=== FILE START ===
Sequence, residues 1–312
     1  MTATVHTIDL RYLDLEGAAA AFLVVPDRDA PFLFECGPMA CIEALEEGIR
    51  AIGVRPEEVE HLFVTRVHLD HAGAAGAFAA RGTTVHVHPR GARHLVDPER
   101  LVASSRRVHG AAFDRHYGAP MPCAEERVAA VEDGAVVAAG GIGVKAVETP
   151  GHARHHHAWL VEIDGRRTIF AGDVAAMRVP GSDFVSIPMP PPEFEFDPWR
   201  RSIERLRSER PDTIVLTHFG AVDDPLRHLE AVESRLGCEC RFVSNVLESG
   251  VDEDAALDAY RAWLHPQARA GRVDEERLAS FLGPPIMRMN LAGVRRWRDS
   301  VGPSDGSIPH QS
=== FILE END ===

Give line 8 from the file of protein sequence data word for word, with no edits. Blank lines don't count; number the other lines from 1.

   301  VGPSDGSIPH QS